The value is 200,000.

The down payment is 40,000.

The loan request should be 160,000.

This represents eighty percent financing (Eighty percent loan to value) 

If an LTV is calculated on a secured mortgage which represents an additional mortgage on a home (second mortgage, home equity loan, or HELOC for example) then the lender will be assessing the current appraised value against what equity is built in the home. A down payment would not be applicable in this loan arrangement. Private lenders will not loan over 75% LTV.

Example:

Appraised Value- 100,000

Loan Amount- 75,000 (75 percent of the appraised value of the home)

The equation used in this example would be:

75,000/100,000 or Loan amount divided by the appraised value.

The banks would see these examples as a low-risk loan-to-value loan. 

Types of LTV- Level of Risk

1. Higher than Eighty-Five Percent Loan to Value- The banks will occasionally loan out these higher-risk loans but may ask the homeowner for an added interest rate premium to offset the risk associated.

2. Seventy-Five to Eighty-Percent Loan to Value– All lenders in Ontario including private lenders will loan up to 75% LTV. This is considered the standard LTV in the mortgage industry.

3. Sixty-Five to Seventy-Five Percent Loan to Value– A loan with 65% to 75% LTV is considered very secure. Demonstrated additional assets will not be required as this is deemed a lower risk for a potential lender.

4. Less Than Sixty-Five Percent Loan to Value-This is an example of a low-risk loan to value loan and as a result, it is very secure. The homeowner is borrowing less against the value of the property and as such there will be no need for extra collateral or interest rate premiums.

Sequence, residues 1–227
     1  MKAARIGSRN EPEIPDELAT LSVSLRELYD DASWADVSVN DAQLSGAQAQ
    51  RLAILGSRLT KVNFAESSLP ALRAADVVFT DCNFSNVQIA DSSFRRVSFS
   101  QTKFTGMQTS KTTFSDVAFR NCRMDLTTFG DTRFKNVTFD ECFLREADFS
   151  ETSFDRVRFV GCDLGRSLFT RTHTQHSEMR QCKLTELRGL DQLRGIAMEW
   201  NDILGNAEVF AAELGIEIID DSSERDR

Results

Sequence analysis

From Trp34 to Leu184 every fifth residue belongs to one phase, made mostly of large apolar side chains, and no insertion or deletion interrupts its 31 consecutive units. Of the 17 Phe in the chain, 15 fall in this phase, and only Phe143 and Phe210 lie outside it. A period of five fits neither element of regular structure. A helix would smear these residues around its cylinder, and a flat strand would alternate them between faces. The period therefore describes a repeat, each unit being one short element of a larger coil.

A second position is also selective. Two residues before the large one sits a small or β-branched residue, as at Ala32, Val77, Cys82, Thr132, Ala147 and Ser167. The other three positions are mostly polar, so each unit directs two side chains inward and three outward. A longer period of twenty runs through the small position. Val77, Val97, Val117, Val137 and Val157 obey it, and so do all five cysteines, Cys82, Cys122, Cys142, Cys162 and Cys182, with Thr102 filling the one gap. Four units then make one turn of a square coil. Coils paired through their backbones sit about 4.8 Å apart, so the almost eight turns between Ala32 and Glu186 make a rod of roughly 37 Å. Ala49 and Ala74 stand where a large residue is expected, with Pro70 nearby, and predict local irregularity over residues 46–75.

Private Lenders and Secured Mortgage Options

If your credit has been damaged or income may have been reduced, private lending options are widely available for an Ontario homeowner. A private lender will be calculating the LTV on a secured private loan option just as all the other lenders in the Province. 

Unlike other lenders that may lend up to 95% LTV, private lenders will be able to provide loan options based on LTV that will not exceed 75% LTV for homeowners that do not have strong credit or unable to meet the criteria that are required by the banks. Private lenders will assess the LTV and look at the property location when determining mortgage loan approval. These mortgage loans will be short-term loans (generally 1 to 3-year terms) and will be negotiated faster than with other Ontario lenders.  Mortgage Broker Store can help you achieve your mortgage goals. We have access to a broad network of private lenders throughout the Province who can negotiate various private mortgage loan options depending on your unique set of financial circumstances. Don’t hesitate to contact us at your convenience to secure your mortgage goals.

About Jonathan Alphonso

Mortgage Agent, Web Developer, and Real Estate Investor. Together with Ronald Alphonso I run MortgageBrokerStore.com. I write about a variety of topics on Canadian mortgages and real estate. Our particular specialty is dealing with Ontario power of sale and foreclosure situations.